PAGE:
In his first season as Commissioner, Goodell invited Anne Marie, her husband Doug, and two children to share his suite for Super Bowl XLI in Miami. These days, she roots for teams not so much as a typical fan would but based on the strong feelings she still has for such owners as Wellington Mara’s family with the Giants, the George Halas family in Chicago, and the Rooneys in Pittsburgh.
“All those years my father was Commissioner, I was never allowed to show any partiality,” Anne Marie says. “All the owners’ wives were always trying to drape me in a colored scarf of their team, and my father would always hand it back because we just weren’t allowed to show any preferences.
“Even to this day, I try to go for the underdog. But I just can’t help it, if it’s a team that has owners that I’ve known forever and ever, like the Maras or the Rooneys or the Halases, I have to sway that way.”
Almost incredibly, considering the media blitz that has come with Super Bowls for years, Rozelle’s child flew under the radar. She was with him constantly it seems, but seldom noticed.
She says, “It was sort of funny because I obviously didn’t have a mother, and no one came with us. And in that day and age, it was just assumed that when there was a meeting somehow the owners’ wives would take care of me – even though no one was actually assigned to do it. It just sort of worked; it was a village somehow sort of taking care of me. And it was great fun. It was a great way to grow up. It was a different way to grow up.”
From the age of three on up into her 20s long after she left home, Anne Marie attended NFL championships and Super Bowls alongside her father. That ritual never ceased. She has only missed a couple, and very few people — male or female — can make that claim.
“It was very exciting being a part of Super Bowls with him,” she says. “I felt like he was like James Bond; just everything was magical.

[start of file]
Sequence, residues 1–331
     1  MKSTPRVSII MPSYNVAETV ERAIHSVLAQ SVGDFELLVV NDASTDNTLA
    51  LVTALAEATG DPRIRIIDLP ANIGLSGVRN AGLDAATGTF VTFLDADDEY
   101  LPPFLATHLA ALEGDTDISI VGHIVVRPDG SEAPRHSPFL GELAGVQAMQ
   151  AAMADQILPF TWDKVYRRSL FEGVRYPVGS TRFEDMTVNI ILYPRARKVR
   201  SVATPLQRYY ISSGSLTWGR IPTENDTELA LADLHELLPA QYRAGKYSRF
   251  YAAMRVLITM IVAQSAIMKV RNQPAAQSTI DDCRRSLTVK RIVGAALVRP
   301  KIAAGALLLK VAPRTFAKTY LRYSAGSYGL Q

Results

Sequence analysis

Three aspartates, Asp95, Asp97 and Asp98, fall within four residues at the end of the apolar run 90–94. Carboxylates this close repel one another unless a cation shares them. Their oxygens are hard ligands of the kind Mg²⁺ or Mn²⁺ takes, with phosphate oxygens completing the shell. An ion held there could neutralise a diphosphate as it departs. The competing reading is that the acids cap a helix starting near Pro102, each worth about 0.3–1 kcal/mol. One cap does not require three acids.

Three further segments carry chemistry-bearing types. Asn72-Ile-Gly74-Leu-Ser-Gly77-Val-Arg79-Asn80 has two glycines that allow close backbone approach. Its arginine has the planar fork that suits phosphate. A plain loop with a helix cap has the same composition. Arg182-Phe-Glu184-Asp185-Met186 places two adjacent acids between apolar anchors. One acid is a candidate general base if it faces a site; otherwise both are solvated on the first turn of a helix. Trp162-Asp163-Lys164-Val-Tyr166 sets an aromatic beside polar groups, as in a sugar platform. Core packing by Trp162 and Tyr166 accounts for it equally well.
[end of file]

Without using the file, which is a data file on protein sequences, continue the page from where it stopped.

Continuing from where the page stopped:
“He would have this itinerary set with — and I’m not exaggerating — maybe 30 parties in one night. They were all called ‘walk-throughs’. You would walk through the front door and the rules were that you never grabbed a drink, you never grabbed food, and you never stopped walking. You’re very friendly with everyone you see on the way, but you walk in one door, you walk out the back door, there’s a car there and it takes you to the next party. He would reserve the very last party for the one he most wanted to stay at, where some good friends would be. At 11:30 at night, you could finally sit down, have something to drink, have something to eat and rest your feet.”
She was 15 when her father remarried and moved them to Westchester County outside New York. But as she grew older, she always found ways to live in Manhattan, including a stint at NBC Sports and then eight years in advertising and publicity for Ralph Lauren.
Now she is as Texan as her family. She and Doug moved to Fort Worth from the East 18 years ago, when she was nine months pregnant with their first child, Miles. Her daughter, Alexandra, was born three years later.
“The people in Fort Worth are so incredible,” she says. “I love New York and think about what it would be like to move back. But I start thinking what would I miss if I did, and you come up with a pretty long list.”
She dabbles in art these days but confesses it’s an up-and-down world and that she does it more for fun, as a hobby. Fort Worth friends Dana and David Porter know Bill Lively, the Host Committee’s President & CEO, and asked him to consider making Anne Marie a member of the Host Committee. She jumped at the chance when Lively offered.
“This is going to give me bragging rights,” she says. “It’s going to be great to have everyone in New York and everywhere I go for Super Bowls actually coming here. The one thing I can say about the Host Committee, unquestioningly the amount of effort and time and basically T.L.C. that this whole Super Bowl is going to get is going to be phenomenal because I think everyone really wants to have this opportunity again.
“When Texans do something, they really do it right. They pull out all the stops, and that unbelievable welcoming feeling that you get when you move here or visit will be extended, I’m sure, 10 times over at this next Super Bowl. It’s going to be one of the most memorable, best Super Bowls there could be.”
Little Annie would know.